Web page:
Dennis Ovsyannikov is an Associate at Zeilikman Law.
Dennis completed his training as a lawyer at a boutique civil and criminal litigation firm in the City of Toronto. He has also worked as an associate lawyer at a mid-size civil litigation firm in the City of Mississauga.
Dennis obtained a B.A. (Honours) in History from York University (graduating with the highest honour) and a J.D. from the University of Ottawa, Faculty of Law.
Memberships & Affiliations
Dennis is a member of the Law Society of Ontario in good standing.
Areas of Practice
Dennis practices exclusively in the areas of employment law, labour law and professional discipline matters. He advocates on behalf of employers, employees and unions in a variety of work-related disputes such as wrongful dismissals, constructive dismissals, reprisals, potential violations of human rights, injunctions, disputes surrounding restrictive covenants, allegations of workplace bullying / harassment / toxic work environment, workplace investigations, duty of fair representation applications, workplace unionizations (including preparation of union constitutions and by-laws), workplace de-unionizations, unfair labour practice applications, union grievances, union arbitrations, and inter-union disputes.
Dennis has a particular interest in representing clients who face allegations of professional misconduct before self-governing professional regulatory bodies. Dennis successfully represented professionals in complex disciplinary proceedings before a variety of professional regulatory bodies including:
- College of Nurses of Ontario (CNO);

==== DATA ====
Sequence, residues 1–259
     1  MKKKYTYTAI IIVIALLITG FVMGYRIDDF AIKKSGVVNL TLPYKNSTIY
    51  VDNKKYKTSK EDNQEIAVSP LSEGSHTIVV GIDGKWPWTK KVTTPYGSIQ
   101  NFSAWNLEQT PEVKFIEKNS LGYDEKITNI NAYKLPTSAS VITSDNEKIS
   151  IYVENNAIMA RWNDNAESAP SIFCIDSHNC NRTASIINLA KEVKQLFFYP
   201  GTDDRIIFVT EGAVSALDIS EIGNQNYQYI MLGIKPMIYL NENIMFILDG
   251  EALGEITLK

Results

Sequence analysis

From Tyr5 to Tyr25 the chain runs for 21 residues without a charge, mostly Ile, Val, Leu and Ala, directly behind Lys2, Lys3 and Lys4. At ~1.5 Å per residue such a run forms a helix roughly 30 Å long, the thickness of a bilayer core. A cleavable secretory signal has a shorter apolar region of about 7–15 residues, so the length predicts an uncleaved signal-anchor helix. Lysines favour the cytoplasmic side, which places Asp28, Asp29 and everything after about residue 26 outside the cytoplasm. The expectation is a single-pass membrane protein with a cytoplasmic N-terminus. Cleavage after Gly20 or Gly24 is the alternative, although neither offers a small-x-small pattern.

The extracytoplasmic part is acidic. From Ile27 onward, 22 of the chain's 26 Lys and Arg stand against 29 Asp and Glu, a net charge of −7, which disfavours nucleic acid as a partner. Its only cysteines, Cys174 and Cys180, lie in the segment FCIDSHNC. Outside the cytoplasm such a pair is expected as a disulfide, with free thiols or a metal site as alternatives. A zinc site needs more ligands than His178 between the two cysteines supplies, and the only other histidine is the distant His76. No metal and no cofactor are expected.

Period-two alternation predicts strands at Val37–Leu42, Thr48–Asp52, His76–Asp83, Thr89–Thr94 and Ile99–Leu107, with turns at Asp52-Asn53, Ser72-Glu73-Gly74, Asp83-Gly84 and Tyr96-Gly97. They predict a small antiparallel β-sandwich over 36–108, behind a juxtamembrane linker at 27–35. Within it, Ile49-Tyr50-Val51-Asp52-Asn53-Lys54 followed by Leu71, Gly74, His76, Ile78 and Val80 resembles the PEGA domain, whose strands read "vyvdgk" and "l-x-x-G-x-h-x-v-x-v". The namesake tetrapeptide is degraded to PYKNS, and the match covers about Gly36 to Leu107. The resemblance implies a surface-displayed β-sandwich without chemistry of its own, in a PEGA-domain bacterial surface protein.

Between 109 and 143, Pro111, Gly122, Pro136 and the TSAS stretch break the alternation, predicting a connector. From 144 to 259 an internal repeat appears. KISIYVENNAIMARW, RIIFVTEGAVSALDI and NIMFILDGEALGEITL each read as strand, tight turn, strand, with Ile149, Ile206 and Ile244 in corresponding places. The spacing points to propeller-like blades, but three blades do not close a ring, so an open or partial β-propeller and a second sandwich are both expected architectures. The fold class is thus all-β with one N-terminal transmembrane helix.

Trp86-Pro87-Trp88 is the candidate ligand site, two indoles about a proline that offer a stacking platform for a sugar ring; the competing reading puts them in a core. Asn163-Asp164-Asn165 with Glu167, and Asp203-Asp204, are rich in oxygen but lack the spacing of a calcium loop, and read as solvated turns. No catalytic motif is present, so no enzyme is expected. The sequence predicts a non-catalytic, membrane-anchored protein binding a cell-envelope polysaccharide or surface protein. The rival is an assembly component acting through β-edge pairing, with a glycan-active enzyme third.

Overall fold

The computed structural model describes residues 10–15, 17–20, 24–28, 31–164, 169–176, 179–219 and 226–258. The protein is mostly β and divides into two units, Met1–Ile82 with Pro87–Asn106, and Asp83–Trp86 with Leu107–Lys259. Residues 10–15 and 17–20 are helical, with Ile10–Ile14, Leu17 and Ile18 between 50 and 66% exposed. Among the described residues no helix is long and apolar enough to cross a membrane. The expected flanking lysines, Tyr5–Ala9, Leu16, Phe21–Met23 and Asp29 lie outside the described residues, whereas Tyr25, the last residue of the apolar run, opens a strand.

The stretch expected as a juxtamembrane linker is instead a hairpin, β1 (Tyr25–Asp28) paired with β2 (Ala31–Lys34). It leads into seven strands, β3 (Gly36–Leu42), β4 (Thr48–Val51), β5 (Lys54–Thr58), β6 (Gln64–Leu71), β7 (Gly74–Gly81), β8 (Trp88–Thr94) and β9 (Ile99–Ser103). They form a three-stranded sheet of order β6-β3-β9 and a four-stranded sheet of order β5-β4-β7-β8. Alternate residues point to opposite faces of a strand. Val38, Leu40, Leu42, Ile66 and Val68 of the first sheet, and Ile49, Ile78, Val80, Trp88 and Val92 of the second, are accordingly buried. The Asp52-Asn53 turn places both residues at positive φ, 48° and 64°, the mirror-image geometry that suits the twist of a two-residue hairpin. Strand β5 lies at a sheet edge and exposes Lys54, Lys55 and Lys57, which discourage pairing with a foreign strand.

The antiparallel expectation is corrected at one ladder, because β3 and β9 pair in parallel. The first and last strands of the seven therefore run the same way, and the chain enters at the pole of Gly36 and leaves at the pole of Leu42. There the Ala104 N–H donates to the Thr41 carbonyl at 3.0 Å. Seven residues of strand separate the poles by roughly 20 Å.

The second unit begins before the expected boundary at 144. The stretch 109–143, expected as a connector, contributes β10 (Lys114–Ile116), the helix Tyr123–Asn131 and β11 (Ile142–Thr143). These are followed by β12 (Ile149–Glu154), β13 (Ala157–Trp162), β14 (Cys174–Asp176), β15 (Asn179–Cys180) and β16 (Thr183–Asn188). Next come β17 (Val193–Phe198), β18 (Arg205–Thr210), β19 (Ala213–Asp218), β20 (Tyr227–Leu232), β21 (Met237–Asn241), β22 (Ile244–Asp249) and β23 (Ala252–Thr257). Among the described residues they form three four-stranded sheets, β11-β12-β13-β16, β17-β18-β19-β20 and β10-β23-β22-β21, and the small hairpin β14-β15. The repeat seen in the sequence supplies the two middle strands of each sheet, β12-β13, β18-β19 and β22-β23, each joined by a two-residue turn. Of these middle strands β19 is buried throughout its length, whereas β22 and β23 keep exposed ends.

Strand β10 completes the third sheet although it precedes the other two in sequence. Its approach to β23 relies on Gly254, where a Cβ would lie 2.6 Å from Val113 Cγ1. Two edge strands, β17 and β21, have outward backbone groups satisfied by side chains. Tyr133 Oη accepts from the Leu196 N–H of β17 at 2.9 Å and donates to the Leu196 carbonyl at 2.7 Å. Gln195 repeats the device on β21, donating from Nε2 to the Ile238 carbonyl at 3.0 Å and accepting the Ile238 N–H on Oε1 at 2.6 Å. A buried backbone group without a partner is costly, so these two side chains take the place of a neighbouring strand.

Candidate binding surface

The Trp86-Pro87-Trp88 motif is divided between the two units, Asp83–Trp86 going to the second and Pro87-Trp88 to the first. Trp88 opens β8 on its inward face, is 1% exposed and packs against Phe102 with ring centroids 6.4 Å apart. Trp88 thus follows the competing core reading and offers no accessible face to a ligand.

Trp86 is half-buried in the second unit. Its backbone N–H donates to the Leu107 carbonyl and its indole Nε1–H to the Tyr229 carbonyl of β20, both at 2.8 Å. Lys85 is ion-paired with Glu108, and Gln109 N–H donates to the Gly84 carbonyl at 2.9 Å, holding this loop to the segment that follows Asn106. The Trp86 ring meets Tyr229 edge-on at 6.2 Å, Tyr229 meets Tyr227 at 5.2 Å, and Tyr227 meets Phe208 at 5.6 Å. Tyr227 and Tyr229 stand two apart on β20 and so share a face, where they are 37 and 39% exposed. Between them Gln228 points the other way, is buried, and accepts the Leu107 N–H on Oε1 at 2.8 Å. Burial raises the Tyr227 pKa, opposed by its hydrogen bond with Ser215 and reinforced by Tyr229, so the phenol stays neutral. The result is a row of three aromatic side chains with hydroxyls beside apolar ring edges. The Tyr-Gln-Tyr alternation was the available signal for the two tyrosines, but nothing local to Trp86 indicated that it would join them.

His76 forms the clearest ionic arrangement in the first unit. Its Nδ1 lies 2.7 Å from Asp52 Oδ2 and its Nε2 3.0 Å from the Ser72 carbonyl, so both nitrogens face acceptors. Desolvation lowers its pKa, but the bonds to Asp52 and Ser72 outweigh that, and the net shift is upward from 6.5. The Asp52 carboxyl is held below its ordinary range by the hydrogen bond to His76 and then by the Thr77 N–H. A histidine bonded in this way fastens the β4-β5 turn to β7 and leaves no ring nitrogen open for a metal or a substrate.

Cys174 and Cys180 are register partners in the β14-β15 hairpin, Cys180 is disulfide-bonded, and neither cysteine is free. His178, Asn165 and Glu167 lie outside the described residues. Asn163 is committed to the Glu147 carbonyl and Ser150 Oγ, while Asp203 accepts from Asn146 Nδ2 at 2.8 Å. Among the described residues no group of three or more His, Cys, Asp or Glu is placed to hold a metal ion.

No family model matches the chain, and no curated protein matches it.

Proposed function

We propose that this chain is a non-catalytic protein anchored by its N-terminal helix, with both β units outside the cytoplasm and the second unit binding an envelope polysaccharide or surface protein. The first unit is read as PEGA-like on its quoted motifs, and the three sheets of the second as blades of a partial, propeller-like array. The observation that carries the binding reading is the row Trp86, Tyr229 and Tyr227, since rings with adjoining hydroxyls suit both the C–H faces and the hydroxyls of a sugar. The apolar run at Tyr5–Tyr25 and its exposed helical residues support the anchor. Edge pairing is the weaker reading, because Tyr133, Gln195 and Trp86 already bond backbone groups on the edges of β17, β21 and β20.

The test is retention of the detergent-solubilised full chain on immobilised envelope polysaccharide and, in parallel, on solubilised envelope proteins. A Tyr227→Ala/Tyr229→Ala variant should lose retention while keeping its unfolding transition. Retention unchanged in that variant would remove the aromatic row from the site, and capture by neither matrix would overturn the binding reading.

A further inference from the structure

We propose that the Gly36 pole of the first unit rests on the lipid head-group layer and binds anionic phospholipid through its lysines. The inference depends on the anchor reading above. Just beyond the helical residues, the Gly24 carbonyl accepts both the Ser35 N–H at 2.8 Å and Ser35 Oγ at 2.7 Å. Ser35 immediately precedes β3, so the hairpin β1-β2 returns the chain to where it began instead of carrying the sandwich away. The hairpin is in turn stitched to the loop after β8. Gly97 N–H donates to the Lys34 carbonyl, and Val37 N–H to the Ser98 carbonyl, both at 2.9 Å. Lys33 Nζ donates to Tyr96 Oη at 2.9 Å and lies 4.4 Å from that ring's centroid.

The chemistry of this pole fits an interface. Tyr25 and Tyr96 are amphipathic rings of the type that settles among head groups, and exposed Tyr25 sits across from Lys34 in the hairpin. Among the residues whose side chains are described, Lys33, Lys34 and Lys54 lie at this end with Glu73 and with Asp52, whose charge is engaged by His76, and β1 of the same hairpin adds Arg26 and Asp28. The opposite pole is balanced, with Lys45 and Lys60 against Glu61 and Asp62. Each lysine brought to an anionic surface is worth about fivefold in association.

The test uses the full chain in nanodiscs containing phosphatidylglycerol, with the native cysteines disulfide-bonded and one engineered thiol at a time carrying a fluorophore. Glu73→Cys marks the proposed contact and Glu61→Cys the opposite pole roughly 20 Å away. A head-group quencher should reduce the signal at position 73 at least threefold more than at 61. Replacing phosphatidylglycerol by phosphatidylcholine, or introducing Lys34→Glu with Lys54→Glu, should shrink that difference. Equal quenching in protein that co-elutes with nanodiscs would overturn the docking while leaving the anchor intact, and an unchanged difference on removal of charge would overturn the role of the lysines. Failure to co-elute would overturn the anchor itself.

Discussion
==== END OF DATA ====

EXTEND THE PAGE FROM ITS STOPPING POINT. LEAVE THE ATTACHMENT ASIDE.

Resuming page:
- College of Massage Therapists of Ontario (CMTO);
- College of Medical Laboratory Technologists of Ontario (CMLTO);
- Professional Engineers Ontario (PEO);
- College of Professional Accountants of Ontario (CPA Ontario); and
- Real Estate Council of Ontario (RECO).
Dennis regularly advocates on behalf of clients during motions, hearings, settlement conferences, pre-trials and other court and tribunal matters before the Ontario Court of Justice, the Superior Court of Justice, the Small Claims Court, the Human Rights Tribunal of Ontario, the Social Benefits Tribunal of Ontario and the Ontario Labour Relations Board.
Dennis is a client-service and results-oriented professional. He excels in formal court and tribunal settings as well as during mediations and negotiations.
Publications and Features
Terminated employees should seek legal advice promptly. Originally published in Advocate Daily
Strike the right chord when starting a union. Originally published in Advocate Daily
Protect your reputation when facing misconduct charges. Originally published in Advocate Daily
Ovsyannikov practices the art of listening in client service. Originally published in Advocate Daily
Just-cause terminations can backfire without proper evidence. Originally published in Advocate Daily
I.C.C. Property Management Ltd. V. Gonidis, 2023 ONSC 53. Successfully represented a former employee on a motion for a summary judgment. The employee, who had resigned his employment, was sued by his former employer for allegedly breaching restrictive covenants contained in the employment contract between the parties. In the course of the lawsuit, the former employer brought a motion for a summary judgment, however, the motion was dismissed with costs against the employer.